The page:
XIONGXIAN, China/BEIJING (Reuters) - Like many residents of Xiongxian county, a polluted corner of Hebei province, 17-year-old Liu Zipeng has been giddy with excitement since China announced plans this month for a vast new economic zone backed by President Xi Jinping himself.
“I am so happy - I don’t need to move to Beijing or worry about getting a wife anymore,” Liu said with a laugh.
Such are the hopes for the area, about 100 km (60 miles) southwest of Beijing, that authorities quickly banned property sales to quash a speculative frenzy.
While China has set high expectations by touting the Xiongan New Area as a successor to zones in Shenzhen and Shanghai that helped make China an economic powerhouse, the force of Xi’s endorsement could help it flourish where other new development areas failed to match the hype.
In a sign of Beijing’s intent, Xu Qin, the former mayor and Communist party boss for Shenzhen, was named acting governor of Hebei province on Friday, with analysts saying it is likely he will be tapped to lead development of Xiongan.
Once a sleepy fishing village, Shenzhen, bordering Hong Kong, became an economic juggernaut after being declared a special economic zone in 1980.
Details for Xiongan, planned eventually to stretch across 2,000 square kilometers, an area almost as big as Tokyo, remain sketchy. It is pitched as an environmentally friendly city housing some of Beijing’s relocated “non-capital functions”, with hopes to attract high-tech industries.
Nearly 30 large state enterprises including PetroChina (601857.SS) and China Shipbuilding Industry Corp have expressed interest, though no specific relocation plans have been announced.
The three counties that make up the area, Xiongxian, Anxin and Rongcheng, are home to about a million people as well as wheat fields, light manufacturing and heavy pollution - endemic in much of Hebei.
But unlike Shenzhen and Shanghai’s Pudong, the development of Xiongan is not expected to be accompanied by major economic reforms, and its landlocked setting is a transportation disadvantage.
“Natural market forces would probably not have chosen this place. But if the central government backs it with unlimited resources, it could become whatever it wants to be,” said Steven McCord, head of research for North China at real estate consultancy Jones Lang LaSalle.
The plan fits into a broader regional integration push for the cities of Beijing and Tianjin and Hebei province, dubbed Jing-Jin-Ji, which has been spearheaded by Xi since 2015 to tackle the “big city disease” plaguing Beijing, a crowded and polluted city of 22 million.
But Jing-Jin-Ji’s progress has been slower than hoped.
“It’s been hard to get traction getting Beijing, Tianjin, and Hebei to work together seamlessly,” McCord said.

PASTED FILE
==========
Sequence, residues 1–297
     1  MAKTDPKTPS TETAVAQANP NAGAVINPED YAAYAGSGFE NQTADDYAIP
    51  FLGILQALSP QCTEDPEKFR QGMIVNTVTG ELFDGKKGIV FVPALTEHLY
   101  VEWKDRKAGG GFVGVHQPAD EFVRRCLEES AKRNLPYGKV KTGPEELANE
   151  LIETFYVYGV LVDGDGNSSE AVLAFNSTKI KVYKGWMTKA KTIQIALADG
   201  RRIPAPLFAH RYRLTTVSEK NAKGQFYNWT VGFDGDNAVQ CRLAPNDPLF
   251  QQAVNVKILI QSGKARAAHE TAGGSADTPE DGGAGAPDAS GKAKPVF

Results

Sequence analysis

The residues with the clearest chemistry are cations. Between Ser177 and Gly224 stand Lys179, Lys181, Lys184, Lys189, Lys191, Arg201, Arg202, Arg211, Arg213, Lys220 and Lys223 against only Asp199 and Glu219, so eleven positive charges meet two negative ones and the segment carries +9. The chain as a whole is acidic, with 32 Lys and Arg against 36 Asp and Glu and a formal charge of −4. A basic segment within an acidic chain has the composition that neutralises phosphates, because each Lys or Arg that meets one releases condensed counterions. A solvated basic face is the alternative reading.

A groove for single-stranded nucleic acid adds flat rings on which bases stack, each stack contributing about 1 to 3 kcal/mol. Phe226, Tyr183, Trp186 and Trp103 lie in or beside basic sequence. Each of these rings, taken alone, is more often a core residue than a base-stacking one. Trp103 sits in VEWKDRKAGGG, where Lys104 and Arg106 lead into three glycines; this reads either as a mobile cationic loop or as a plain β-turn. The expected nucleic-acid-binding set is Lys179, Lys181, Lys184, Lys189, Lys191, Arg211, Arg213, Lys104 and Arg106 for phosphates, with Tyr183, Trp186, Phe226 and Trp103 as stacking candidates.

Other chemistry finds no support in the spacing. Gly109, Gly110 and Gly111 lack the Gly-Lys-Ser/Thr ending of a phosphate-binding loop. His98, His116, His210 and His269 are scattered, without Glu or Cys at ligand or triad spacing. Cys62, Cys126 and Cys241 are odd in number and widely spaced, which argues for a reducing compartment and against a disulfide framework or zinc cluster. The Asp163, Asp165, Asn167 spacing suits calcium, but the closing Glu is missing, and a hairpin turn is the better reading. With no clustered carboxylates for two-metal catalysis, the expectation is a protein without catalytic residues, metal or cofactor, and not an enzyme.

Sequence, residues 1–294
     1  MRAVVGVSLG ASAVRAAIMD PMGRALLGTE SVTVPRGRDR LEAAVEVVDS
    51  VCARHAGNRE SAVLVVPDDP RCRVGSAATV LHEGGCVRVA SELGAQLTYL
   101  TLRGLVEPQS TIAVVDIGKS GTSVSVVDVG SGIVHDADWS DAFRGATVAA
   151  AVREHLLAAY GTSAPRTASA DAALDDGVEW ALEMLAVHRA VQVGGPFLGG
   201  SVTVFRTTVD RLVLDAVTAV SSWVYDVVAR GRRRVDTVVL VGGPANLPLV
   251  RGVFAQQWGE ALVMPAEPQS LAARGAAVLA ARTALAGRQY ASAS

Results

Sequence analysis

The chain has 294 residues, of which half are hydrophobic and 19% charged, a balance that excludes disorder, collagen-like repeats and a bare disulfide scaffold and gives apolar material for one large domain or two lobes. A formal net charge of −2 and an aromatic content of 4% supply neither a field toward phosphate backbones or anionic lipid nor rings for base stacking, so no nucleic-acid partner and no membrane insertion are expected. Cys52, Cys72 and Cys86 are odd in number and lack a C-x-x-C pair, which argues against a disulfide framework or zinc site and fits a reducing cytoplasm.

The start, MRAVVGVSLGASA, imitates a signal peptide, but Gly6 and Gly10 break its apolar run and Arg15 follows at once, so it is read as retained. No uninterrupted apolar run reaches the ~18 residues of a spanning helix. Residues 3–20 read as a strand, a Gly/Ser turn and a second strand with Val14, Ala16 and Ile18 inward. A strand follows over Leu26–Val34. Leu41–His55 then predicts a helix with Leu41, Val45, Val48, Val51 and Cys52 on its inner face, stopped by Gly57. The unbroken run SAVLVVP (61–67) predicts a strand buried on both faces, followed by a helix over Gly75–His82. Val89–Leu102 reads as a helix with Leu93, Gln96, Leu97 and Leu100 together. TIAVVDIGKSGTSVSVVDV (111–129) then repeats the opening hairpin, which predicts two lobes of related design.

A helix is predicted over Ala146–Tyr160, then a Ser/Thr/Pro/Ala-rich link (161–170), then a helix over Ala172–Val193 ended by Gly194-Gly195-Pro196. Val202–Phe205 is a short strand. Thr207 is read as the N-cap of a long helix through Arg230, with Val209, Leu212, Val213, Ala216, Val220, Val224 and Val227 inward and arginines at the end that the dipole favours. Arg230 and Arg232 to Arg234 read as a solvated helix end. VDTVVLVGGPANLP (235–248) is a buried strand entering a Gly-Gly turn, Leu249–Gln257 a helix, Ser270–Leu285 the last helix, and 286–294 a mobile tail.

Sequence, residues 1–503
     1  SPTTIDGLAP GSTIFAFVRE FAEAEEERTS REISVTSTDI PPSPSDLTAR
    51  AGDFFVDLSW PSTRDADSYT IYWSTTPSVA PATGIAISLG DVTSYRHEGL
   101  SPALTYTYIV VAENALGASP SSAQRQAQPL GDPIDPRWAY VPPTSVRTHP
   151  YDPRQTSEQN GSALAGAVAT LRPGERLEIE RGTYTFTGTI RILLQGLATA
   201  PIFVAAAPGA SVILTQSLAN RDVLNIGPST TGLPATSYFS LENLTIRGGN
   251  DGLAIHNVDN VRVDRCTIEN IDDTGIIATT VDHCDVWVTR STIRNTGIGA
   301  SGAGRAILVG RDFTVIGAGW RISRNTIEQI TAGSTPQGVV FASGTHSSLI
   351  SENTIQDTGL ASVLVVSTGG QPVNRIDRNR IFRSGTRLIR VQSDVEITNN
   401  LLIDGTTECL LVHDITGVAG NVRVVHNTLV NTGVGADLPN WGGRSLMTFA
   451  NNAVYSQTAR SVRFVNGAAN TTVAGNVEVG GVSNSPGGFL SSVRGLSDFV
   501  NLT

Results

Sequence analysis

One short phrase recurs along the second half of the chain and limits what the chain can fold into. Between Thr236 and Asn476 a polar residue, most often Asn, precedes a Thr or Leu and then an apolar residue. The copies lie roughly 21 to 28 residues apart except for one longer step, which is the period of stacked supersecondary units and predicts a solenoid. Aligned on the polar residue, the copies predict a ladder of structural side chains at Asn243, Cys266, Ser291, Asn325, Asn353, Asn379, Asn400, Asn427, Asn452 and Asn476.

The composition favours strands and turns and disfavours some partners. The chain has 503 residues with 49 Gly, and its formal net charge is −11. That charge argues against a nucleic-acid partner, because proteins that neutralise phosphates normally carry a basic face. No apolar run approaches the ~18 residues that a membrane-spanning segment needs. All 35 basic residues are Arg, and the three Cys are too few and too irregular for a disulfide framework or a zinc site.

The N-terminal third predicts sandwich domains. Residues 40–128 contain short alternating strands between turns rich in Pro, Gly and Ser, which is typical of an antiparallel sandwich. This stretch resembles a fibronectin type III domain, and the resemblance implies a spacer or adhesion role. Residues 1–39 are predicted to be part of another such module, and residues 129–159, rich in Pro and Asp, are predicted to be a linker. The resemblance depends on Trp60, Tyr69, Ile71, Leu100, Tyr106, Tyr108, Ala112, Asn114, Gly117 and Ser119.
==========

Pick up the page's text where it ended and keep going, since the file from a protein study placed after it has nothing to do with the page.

Xiongan could be a political and geographical “clean slate” to generate more jobs and economic stimulus for North China, he said.
Xi himself visited Anxin county in late February, which only became public when China announced plans for Xiongan on April 1.
Morgan Stanley’s base scenario foresees 133 billion yuan ($19.3 billion) in additional fixed asset investment annually over 15 years to build Xiongan, equivalent to just 0.24 percent of China’s 56.2 trillion yuan of nationwide fixed asset investment last year.
(To view a graphic on on China's economic zones, click tmsnrt.rs/2oPQVeV)
While the Shenzhen and Shanghai economic zones thrived, some similar schemes in China have fallen short of expectations.
Caofeidian, also in Hebei, was promoted by former President Hu Jintao as a new industrial zone in 2008, but development foundered as debt accumulated.
Authorities have been trying to give Caofeidian another push to upgrade its industries to become a driver of Jing-Jin-Ji’s integration, but competition among provinces has been a drag on progress.
“Caofeidian had central government support, but it was a long way from being a national-level special economic zone. Its importance was definitely not at the same level that Xiongan is seeing now,” said He Jun, head of macroeconomic research at Anbound Consulting.
“Xiongan’s biggest advantage is that it has strong support from the central government.”
He remains doubtful that Xiongan will emulate Shanghai or Shenzhen due to its geography and the greater openness of China’s economy now, but the political leadership seems intent on making it succeed.
Among the architects of the new project is Xu Kuangdi, the mayor of Shanghai in the late 90s who also heads the advisory committee for Jing-Jin-Ji.
The leadership make-up is intended to ensure Xiongan would “escape past failures”, said Liu Ying, a researcher at Renmin University’s Chong Yang Institute for Financial Studies.
Not everyone in Anxin is cheered by the prospect.
An Anxin restaurant owner in her 50s surnamed Liu said she checks social media constantly for updates, as she fears being forced out of the spacious villa built on her farmland.
“I don’t think it is necessarily a good thing for me. Our lives are pretty good right now.”
Down a street next to fields of withered wheat, workers loaded a truck with plastic pipes, a major local industry.
“The establishment of the new zone for sure will limit us further as we do pollute the environment to some degree,” said Zhao Xiaodong, owner of Jitong Plastic.
But most locals are optimistic.
“If president Xi thinks it will be the next Shenzhen and Shanghai, then it will be,” said Mrs Shi, a shop worker in Xiongxian.
($1 = 6.8998 Chinese yuan renminbi)
Additional reporting by David Stanway; Editing by Tony Munroe and Will Waterman